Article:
When I was in Southern California it dawned on me that we’d be passing through Portland later in the month on the way home. I tried to keep a close tab on the fall colors as they were developing in the Japanese Garden.
Trying to find out the current status of the maples wasn’t easy. The website japanesegarden.org didn’t do frequent enough updates to be helpful. So fortune would have to shine on us and it wouldn’t be too late by the time we got to Rose City. As it turned out this year, for best color, the third week was probably best. Yet when we arrived the following week, fortunately there was plenty to admire, in particular the stunning lace leaf maple whose glory I was able to capture on camera. Here is a view from a slightly different angle.
Portland’s Japanese garden is recognized as being the finest outside Japan. I’ve seen it grow and mature over the years, infrequent though my visits have been, and become the breathtaking ambassador it is today. My last time here was in early October 2013, a bit early for best fall color. So it was with great anticipation and fingers crossed that my wife and I arrived on Sunday (October 28). Because it was two hours before closing, we had to keep up a faster pace than we wanted, but we were still rewarded with splendor. The forecasts for thundershowers didn’t materialize; there was only an occasional sprinkle.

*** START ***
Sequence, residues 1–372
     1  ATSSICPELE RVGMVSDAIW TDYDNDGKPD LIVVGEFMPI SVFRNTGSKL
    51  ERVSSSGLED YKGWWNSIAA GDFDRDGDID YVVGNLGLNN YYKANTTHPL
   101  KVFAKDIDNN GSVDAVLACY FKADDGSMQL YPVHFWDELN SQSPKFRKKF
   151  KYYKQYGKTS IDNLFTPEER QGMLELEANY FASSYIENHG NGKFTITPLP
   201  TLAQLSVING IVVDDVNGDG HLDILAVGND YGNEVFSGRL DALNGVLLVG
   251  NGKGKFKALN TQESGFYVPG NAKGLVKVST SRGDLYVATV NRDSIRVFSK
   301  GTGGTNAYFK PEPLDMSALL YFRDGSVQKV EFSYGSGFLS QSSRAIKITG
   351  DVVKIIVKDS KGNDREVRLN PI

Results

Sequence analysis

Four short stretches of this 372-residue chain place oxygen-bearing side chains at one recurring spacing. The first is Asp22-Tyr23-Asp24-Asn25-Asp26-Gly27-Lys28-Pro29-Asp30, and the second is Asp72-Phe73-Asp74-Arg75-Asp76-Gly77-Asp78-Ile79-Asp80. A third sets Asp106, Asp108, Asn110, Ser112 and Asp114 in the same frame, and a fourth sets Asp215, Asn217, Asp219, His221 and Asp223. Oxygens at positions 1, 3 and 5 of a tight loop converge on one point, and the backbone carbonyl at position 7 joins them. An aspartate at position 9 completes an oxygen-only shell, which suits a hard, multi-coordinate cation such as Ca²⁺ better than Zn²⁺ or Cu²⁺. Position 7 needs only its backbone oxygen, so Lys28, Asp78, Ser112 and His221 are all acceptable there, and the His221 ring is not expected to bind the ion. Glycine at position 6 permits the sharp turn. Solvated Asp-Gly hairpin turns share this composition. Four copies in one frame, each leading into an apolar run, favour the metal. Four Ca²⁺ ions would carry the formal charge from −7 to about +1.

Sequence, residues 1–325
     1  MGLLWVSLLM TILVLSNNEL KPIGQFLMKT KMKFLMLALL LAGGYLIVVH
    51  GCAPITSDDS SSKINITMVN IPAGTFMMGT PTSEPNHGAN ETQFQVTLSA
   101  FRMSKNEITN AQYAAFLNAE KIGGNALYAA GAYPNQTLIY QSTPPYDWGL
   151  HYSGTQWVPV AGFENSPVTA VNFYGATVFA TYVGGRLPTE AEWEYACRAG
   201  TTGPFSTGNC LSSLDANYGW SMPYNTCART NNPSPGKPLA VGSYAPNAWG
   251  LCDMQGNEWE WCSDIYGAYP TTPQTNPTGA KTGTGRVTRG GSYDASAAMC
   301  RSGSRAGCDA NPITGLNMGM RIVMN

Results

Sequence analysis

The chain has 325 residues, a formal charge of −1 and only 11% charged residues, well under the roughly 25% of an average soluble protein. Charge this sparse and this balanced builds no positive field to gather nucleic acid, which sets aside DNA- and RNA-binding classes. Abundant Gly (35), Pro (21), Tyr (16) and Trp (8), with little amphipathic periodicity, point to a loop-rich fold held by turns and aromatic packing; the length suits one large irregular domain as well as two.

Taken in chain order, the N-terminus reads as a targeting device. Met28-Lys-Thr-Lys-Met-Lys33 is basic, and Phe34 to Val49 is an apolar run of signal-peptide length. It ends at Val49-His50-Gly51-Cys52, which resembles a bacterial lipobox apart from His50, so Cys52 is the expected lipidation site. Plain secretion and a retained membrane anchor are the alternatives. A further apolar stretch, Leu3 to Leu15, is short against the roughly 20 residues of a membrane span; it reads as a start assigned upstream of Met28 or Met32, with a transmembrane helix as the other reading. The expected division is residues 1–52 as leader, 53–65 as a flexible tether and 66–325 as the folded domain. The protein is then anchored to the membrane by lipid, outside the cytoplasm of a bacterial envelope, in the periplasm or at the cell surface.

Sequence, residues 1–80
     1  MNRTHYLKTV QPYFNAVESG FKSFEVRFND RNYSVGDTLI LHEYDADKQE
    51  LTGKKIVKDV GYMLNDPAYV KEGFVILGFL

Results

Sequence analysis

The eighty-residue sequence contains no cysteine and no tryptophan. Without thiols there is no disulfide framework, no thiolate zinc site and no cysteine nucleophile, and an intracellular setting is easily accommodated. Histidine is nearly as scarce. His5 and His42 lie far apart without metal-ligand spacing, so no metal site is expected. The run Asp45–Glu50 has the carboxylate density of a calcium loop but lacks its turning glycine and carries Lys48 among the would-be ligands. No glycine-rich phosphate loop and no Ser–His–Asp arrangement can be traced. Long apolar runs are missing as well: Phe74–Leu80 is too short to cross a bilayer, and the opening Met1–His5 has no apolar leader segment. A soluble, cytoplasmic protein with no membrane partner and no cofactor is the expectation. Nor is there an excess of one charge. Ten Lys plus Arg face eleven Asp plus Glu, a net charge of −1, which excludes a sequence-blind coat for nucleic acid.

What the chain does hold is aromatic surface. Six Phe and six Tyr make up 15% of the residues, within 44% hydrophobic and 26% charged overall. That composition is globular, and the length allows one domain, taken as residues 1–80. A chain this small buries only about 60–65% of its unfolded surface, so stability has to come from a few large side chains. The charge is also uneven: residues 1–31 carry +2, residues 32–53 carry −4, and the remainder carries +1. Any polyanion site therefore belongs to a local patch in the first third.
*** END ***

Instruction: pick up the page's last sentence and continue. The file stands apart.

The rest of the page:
After leaving, we headed straight to Ataula, one of our favorite restaurants in Portland. Not wishing to get stuck in Portland’s awful rush hour traffic on Monday morning, we got a room for the night in Vancouver, Washington, just across the Columbia River.
If there is one outstanding beauty in Portland, Oregon, my vote goes to this laceleaf maple that shines the brightest in late fall at the Japanese Garden. I was fortunate to see it in its full glory when I passed through the city last Sunday on my way home to Seattle. Five years ago, I visited too early in October to enjoy the best color.
The park ranger held it up between her thumb and forefinger. It was a mere two inches long.
“This is a sequoia cone.”
Behind us was a colossus, the General Grant sequoia, the second largest in the world and located in Kings Canyon National Park, standing at a prodigious 268 feet in height. That a seed from a cone can produce one of these giants is one of nature’s wonders.
The word majestic doesn’t enter into my vocabulary often. I seem to use it when I travel because of amazing things I see. It’s even more rare for me to apply it to a living thing. The giant sequoia (Sequoiadendron giganteum) is one of them, a tree so massive and tall that on first sight you’re likely to be left speechless, in awe. Today, they are endemic only to the western slopes of the Sierra Nevadas in California.